In May 2019, the Federal Railroad Administration, the national safety regulator for railroads, definitively decided that regulation is not needed in this area. The FRA concluded that it would only chill investment and innovation, even if labor union leaders worried more about their leadership posts than their members who vocally pushed for a federal mandate. The previous administration said itself in 2016, that it “…cannot provide reliable or conclusive statistical data to suggest whether one-person crew operations are generally safer or less safe than multiple-person crew operations.”
Rather than enhance safety, mandating two-person crews could make rail operations more dangerous by crippling railroads’ ability to control costs and fund equipment upgrades. “A law or regulation that permanently requires a minimum crew size of two — especially where there is no evidence that one-person crews are less safe — can only stand in
ELBA TOWNSHIP, Mich. – Authorities said a man broke into his ex-girlfriend’s house in Lapeer County early Monday, took the couple’s shared vehicle and later crashed it.
The 37-year-old man is accused of breaking into the home on Georgia Drive in Elba Township at 3:34 a.m. He used to live there but moved out last fall when the pair broke up.
He attempted to take his 37-year-old ex-girlfriend’s purse, which had the keys to a 2015 White Dodge Journey inside. Officials said there was a physical altercation that started in the house and continued into the driveway.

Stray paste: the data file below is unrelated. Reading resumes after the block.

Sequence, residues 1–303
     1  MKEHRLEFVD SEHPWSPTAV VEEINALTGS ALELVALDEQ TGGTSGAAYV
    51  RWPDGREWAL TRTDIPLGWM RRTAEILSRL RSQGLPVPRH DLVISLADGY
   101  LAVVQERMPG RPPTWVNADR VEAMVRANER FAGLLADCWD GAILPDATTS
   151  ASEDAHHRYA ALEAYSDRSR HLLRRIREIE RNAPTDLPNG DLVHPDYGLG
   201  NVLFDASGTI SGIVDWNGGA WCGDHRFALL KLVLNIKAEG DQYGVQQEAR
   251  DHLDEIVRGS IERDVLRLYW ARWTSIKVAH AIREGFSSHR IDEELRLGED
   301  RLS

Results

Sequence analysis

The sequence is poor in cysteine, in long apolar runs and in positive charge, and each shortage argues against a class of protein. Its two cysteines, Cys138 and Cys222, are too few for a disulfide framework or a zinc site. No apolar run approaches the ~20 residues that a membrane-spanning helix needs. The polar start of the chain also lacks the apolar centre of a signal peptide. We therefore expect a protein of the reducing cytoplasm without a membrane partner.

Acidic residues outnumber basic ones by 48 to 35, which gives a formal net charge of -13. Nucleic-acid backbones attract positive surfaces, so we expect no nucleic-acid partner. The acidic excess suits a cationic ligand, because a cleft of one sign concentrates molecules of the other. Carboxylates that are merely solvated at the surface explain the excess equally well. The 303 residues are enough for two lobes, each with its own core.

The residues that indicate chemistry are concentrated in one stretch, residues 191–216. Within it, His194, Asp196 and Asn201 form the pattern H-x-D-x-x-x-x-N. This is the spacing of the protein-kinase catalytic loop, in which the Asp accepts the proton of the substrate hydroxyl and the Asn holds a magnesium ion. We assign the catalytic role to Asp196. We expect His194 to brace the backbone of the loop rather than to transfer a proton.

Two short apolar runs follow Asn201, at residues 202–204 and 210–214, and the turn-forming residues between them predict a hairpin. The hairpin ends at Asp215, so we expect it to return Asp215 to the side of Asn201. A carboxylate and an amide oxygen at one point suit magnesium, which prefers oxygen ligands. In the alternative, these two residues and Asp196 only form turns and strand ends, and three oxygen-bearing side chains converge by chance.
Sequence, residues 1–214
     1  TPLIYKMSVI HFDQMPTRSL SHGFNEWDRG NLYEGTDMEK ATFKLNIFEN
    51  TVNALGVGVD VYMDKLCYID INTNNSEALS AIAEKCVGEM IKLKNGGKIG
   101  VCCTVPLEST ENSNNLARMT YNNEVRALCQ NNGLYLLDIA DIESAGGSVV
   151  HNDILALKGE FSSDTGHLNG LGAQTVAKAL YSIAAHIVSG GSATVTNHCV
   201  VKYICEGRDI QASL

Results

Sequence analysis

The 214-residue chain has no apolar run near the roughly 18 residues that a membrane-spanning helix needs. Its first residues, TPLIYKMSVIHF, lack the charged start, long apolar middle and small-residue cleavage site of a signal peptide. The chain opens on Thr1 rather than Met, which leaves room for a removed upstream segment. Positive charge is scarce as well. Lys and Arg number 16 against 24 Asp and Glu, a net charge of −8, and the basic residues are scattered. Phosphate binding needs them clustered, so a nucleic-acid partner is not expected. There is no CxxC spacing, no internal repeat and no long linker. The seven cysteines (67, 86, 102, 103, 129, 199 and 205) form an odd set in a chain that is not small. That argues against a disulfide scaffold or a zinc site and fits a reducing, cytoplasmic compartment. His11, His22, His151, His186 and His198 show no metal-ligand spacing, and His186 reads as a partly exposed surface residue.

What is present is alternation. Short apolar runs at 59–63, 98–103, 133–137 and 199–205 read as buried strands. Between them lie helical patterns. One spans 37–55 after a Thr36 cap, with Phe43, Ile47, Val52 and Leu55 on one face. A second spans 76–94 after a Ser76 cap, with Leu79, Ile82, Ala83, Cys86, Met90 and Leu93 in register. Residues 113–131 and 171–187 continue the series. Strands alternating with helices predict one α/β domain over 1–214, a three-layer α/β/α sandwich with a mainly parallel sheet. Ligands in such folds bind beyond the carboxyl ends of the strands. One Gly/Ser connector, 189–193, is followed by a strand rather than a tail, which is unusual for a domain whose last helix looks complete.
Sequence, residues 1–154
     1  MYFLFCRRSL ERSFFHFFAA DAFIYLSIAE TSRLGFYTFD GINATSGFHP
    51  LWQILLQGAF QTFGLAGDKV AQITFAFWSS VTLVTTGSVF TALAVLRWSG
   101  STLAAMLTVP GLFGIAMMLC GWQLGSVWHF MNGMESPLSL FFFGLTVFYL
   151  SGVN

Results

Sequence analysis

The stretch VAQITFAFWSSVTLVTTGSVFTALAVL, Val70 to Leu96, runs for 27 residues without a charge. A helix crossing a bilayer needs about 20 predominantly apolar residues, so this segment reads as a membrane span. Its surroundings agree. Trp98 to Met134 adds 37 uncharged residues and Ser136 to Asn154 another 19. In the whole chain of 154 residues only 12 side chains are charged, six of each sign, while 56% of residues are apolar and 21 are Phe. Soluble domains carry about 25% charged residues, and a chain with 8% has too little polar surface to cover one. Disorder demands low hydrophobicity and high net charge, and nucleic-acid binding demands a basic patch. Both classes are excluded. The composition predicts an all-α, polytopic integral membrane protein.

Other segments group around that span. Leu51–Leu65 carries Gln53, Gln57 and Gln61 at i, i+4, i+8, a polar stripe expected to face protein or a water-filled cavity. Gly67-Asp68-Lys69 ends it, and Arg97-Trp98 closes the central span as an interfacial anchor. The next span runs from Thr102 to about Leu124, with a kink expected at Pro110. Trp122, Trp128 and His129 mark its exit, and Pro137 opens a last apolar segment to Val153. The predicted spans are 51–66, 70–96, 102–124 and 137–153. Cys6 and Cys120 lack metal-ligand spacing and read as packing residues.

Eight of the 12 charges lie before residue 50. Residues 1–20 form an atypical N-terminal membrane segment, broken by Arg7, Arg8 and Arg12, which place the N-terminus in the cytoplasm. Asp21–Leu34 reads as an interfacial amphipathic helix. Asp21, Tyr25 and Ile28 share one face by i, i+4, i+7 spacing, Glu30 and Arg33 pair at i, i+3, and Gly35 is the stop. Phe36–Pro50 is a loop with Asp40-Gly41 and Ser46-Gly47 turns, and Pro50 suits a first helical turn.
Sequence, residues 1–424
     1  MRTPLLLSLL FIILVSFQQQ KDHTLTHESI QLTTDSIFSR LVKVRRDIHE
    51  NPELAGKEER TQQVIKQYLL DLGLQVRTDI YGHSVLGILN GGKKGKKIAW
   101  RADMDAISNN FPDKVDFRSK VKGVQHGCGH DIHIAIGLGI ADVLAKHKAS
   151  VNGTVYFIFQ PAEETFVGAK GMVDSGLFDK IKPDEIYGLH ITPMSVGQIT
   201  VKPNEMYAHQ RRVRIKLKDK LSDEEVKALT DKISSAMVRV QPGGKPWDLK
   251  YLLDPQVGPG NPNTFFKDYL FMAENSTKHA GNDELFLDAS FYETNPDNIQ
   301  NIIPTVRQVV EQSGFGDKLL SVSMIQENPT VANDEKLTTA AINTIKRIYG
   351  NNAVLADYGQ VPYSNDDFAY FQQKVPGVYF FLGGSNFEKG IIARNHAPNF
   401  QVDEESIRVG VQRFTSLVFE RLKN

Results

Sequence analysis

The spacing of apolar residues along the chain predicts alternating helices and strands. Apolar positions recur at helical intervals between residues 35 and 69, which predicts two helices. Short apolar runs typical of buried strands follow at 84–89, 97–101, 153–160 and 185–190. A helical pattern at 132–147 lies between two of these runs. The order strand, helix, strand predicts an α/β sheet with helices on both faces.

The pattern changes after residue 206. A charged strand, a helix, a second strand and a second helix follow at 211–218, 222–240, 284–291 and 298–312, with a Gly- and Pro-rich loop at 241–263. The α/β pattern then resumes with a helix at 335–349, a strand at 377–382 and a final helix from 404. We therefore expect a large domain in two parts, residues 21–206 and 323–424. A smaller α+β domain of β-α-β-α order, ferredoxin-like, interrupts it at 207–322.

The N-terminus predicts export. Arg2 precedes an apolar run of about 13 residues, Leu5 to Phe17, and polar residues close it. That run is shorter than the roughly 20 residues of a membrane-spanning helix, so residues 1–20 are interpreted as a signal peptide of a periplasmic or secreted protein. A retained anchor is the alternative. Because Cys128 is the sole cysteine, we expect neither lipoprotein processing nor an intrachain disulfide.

The man is accused of hitting the garage then dragging the woman alongside the vehicle for a distance before leaving. She suffered minor injuries and did not want medical treatment.
Authorities said the vehicle was registered to both the man and woman so it was not listed as stolen, but the man had a warrant for his arrest.
The woman told authorities that the man broke into the house alone but when he left the scene, there was a 36-year-old woman from Mount Morris with him.
When deputies learned the man may be in Flint, they informed Flint police. Authorities said there was a pursuit that ended with a crash.
Officials said the man ran a red light at W. Stewart Avenue and Cilo Road during the chase and crashed into a Jeep. The driver of the Jeep is in critical condition.
The man and his passenger, who officials say is a parole absconder, both were treated for minor injuries. They are now in custody.
Anyone with information is asked to contact Lt. Jason Cate at 810-237-6808.